Featherston said the plans began from a senior project by Andy Marion. She said, “They did an initial design for the courtyard and we have an unoffical group that is hopefully going to become official on campus; it’s the Gardens for Social Justice. They were interested in growing stuff down there. We had some work parties and I got a grant through the Pepsi Challenge Grant. I got $1,000 through there that we spent mostly on plants and so we removed some plants.”
She continued, “When the courtyard was initially created, it was landscaped to represent a New Hampshire landscape. It’s really nice, there’s a meadow, a granite walkway, the big rocks, they planted native trees and a lot of native plants and it’s really nice, but usually when someone landscapes, they always plant way too many plants because they want to make sure that if some die, there’s some remaining. Well everything did really well down there. We have a lot of small lists of plants and we just wanted to diversify.”
To make the space more useful for all students across campus, Featherston said there has been discussion about possibly making an outdoor classroom area or even hammocks like Hunyadi mentioned.
Another feature added to the courtyard is a compost pile. Featherston said the group is composting everything they pull up and everything that comes out of the greenhouses as well.
The courtyard will also be getting a new addition come the spring time. “I joined the New England Wild Flower Society and they have a project where they want to put two pollinator gardens in every state and I applied to be a site and we were chosen. In the spring, they are going to come put in this pollinator garden and there will be a whole workshop about it and it’ll be open to anyone who wants to come to that,” Featherston said.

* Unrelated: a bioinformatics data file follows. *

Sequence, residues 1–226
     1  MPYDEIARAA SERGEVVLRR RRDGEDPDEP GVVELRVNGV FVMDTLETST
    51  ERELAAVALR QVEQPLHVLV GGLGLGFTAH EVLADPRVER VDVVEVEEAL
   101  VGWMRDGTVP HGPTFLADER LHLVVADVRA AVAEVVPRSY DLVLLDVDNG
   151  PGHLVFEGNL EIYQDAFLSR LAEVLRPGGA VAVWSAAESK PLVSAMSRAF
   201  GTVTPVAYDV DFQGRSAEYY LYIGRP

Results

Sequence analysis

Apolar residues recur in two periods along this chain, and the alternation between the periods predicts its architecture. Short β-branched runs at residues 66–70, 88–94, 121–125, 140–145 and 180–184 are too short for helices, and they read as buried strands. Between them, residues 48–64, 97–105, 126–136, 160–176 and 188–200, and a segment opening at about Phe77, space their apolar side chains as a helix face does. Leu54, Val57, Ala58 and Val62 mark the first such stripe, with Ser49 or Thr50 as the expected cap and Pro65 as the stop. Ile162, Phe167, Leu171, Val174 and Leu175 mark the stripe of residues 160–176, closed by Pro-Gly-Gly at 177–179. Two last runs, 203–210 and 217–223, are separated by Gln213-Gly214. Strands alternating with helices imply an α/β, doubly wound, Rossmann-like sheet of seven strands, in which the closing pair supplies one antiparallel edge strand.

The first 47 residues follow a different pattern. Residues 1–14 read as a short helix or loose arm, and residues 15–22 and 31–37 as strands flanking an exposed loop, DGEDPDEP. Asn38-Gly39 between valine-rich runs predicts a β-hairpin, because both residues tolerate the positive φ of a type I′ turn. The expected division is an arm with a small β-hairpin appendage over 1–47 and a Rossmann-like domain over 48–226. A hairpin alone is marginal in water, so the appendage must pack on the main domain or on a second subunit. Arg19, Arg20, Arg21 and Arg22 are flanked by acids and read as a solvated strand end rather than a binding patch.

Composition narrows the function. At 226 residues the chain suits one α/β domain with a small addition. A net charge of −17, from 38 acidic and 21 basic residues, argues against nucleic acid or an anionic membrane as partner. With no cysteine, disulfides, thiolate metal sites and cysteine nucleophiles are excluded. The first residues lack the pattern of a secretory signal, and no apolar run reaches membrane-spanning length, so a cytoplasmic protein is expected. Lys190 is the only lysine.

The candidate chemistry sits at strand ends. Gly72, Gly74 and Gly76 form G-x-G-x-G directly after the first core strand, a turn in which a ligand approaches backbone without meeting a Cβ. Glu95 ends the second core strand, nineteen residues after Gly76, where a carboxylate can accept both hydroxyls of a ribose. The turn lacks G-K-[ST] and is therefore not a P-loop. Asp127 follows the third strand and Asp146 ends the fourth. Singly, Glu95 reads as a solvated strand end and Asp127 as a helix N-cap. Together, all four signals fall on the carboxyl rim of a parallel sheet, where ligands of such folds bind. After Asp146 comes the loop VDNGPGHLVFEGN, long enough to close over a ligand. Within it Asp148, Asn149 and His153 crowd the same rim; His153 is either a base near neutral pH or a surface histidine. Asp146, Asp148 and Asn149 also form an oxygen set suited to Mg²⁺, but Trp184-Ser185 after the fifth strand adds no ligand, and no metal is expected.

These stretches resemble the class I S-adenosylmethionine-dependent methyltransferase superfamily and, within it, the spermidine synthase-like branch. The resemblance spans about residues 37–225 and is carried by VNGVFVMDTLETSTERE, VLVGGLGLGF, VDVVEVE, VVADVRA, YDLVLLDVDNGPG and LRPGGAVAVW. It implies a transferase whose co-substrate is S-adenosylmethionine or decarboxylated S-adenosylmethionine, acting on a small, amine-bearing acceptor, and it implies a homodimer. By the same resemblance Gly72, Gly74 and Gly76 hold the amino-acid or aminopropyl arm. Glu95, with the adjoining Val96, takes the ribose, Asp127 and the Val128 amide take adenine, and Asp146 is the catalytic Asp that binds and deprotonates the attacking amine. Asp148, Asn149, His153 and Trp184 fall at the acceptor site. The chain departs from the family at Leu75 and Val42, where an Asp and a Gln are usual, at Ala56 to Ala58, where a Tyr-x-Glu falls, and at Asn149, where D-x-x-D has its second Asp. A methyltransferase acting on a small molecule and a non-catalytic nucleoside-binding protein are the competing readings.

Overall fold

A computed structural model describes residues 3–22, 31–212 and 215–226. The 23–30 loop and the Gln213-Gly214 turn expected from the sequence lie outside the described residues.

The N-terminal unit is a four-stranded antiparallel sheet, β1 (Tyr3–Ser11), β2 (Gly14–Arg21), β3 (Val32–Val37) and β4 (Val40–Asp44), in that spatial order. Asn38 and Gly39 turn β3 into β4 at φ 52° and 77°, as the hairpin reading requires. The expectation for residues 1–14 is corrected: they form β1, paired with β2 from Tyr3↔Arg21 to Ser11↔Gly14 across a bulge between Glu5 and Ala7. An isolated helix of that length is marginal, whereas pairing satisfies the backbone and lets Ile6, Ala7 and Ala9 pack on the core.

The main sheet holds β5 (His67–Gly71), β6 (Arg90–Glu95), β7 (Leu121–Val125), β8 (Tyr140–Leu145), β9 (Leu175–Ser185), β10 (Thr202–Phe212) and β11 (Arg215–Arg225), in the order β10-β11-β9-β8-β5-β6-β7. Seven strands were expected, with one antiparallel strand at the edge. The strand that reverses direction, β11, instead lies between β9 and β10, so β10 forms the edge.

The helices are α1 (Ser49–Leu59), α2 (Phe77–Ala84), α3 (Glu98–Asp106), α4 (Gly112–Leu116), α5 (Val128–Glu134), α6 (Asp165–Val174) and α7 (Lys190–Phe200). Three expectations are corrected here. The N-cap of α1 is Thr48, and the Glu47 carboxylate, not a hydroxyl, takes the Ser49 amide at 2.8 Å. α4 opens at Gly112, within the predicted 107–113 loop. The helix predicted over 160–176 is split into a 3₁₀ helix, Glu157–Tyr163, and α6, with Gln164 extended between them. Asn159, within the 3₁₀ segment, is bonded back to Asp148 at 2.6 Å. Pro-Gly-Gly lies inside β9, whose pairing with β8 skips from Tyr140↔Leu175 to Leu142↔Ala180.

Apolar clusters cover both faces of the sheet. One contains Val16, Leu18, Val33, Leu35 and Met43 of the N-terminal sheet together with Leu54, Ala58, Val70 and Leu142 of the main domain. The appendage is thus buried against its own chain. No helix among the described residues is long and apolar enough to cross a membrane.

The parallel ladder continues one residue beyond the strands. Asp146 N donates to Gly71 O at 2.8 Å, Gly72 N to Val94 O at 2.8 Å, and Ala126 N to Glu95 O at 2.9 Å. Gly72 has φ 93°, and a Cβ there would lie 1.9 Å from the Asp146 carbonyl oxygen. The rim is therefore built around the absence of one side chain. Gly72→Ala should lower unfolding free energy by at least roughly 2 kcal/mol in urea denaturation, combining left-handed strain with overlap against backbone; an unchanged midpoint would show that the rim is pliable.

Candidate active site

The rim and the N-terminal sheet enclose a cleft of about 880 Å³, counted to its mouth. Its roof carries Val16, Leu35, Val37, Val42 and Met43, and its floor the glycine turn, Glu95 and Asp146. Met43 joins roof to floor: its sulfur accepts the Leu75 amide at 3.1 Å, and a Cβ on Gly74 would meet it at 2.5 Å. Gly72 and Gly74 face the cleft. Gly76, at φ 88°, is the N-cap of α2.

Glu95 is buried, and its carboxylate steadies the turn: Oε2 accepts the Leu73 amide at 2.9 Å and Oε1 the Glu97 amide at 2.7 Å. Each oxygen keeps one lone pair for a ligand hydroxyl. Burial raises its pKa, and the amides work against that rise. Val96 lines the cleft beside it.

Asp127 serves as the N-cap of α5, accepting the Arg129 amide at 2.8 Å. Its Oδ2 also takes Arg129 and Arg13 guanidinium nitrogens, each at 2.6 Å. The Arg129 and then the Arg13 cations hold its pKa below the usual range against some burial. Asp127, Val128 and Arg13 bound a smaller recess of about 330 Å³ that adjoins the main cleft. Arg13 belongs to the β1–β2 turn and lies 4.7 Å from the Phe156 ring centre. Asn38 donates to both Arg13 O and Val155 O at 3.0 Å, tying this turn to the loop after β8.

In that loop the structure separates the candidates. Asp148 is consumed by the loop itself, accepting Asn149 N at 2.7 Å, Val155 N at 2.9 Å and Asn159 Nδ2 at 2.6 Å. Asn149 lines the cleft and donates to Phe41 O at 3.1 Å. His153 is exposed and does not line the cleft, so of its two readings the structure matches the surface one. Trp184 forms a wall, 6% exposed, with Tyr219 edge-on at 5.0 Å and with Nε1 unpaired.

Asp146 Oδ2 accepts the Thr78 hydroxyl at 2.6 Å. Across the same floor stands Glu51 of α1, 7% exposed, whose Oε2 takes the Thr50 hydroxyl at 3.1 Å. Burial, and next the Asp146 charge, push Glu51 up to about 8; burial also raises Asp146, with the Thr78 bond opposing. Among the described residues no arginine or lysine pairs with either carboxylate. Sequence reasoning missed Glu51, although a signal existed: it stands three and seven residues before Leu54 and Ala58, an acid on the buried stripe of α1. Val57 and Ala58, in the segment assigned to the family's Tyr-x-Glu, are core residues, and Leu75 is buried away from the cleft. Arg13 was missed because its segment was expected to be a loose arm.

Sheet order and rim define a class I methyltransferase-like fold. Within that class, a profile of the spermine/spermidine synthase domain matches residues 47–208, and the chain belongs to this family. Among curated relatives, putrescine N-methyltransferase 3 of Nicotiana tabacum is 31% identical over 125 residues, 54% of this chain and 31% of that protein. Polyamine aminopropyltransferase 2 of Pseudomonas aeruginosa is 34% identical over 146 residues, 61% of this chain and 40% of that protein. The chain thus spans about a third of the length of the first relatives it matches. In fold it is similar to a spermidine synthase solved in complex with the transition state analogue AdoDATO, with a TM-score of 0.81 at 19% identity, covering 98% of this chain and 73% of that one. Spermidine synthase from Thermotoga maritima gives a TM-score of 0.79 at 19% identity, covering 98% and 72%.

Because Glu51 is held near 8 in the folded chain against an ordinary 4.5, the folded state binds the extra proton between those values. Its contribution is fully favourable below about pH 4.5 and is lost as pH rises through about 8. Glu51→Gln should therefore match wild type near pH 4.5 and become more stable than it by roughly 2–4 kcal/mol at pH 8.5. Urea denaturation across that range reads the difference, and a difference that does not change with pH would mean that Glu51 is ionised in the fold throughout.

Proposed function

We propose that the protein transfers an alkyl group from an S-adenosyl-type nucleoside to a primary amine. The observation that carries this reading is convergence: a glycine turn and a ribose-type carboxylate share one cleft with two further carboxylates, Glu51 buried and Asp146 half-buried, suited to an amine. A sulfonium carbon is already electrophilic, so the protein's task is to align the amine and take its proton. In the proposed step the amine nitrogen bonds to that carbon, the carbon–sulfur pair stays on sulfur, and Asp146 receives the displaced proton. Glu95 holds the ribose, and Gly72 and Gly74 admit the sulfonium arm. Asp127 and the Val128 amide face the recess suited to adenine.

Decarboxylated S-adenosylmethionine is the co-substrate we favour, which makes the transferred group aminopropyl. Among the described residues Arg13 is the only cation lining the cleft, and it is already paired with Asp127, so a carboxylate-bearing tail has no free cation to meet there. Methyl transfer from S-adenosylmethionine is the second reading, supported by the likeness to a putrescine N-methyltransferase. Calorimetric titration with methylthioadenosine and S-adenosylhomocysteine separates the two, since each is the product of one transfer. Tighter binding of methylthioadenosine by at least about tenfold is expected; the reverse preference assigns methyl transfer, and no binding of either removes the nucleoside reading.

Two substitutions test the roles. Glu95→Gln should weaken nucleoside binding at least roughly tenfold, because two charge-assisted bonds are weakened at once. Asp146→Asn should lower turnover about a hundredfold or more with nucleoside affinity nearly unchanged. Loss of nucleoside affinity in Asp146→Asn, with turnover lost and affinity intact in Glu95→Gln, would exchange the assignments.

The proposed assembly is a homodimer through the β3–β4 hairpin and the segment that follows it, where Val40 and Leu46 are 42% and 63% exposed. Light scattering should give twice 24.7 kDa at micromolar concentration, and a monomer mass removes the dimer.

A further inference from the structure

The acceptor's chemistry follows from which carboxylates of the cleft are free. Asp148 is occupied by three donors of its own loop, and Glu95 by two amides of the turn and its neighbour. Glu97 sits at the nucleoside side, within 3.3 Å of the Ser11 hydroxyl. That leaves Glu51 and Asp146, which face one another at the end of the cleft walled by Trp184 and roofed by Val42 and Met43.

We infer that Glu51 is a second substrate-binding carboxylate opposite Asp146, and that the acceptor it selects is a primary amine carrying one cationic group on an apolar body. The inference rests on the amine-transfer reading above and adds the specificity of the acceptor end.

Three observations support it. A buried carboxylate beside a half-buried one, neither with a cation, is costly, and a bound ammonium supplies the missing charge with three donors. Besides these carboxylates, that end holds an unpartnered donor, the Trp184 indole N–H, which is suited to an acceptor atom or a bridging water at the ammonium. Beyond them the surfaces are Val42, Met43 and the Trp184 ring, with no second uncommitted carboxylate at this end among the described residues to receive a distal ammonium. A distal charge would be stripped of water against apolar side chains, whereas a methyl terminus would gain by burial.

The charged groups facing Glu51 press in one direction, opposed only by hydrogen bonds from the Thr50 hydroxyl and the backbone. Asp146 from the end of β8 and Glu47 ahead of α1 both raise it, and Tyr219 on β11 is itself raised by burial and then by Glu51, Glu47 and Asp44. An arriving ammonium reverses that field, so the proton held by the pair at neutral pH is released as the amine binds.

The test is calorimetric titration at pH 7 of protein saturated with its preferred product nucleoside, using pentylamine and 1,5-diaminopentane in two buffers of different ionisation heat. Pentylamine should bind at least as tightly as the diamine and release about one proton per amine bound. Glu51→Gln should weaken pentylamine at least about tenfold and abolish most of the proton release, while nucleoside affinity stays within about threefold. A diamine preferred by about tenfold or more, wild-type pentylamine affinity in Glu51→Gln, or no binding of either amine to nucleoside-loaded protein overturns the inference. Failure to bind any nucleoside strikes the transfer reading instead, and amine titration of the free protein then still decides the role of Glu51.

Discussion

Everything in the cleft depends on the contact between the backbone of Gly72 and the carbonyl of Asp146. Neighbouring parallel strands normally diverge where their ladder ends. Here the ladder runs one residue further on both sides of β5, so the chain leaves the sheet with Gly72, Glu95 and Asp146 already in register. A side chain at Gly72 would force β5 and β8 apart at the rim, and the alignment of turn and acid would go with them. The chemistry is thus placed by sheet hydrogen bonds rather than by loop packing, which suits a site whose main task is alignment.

Featherston said the project has been great and students are excited about it. She said, “I think it’s going strong, it has a great future. It could provide many years of things for students.”
Flynn said in a phone interview she picked up this project from a former student, Andy Marion, who initially started this all. “It was mostly just plans, so we were able to follow those plans. I was really the community organizer trying to teach people about it and getting people excited about growing plants. I came in and took Andy’s plans with two other students; it was my senior seminar project last year. We were able to get those plans in motion and actually put plants in the ground,” Flynn said.
She said the importance of this project is at an all time high and not only for ecological reasons. Flynn said, “Growing your own food and knowing how to do that is a skill that humans have been practicing since we called ourselves civilized and it’s kind of been forgotten; our food systems aren’t seen anymore.”
All students on campus being able to use this courtyard and garden is important, according to Flynn. She said, “The idea of this garden was kind of founded on the principle of a community garden, bringing people together, so a safe space. It was built on everyone is welcome, everyone has a fair say.”
Emma Hamilton can be contacted at firstname.lastname@example.org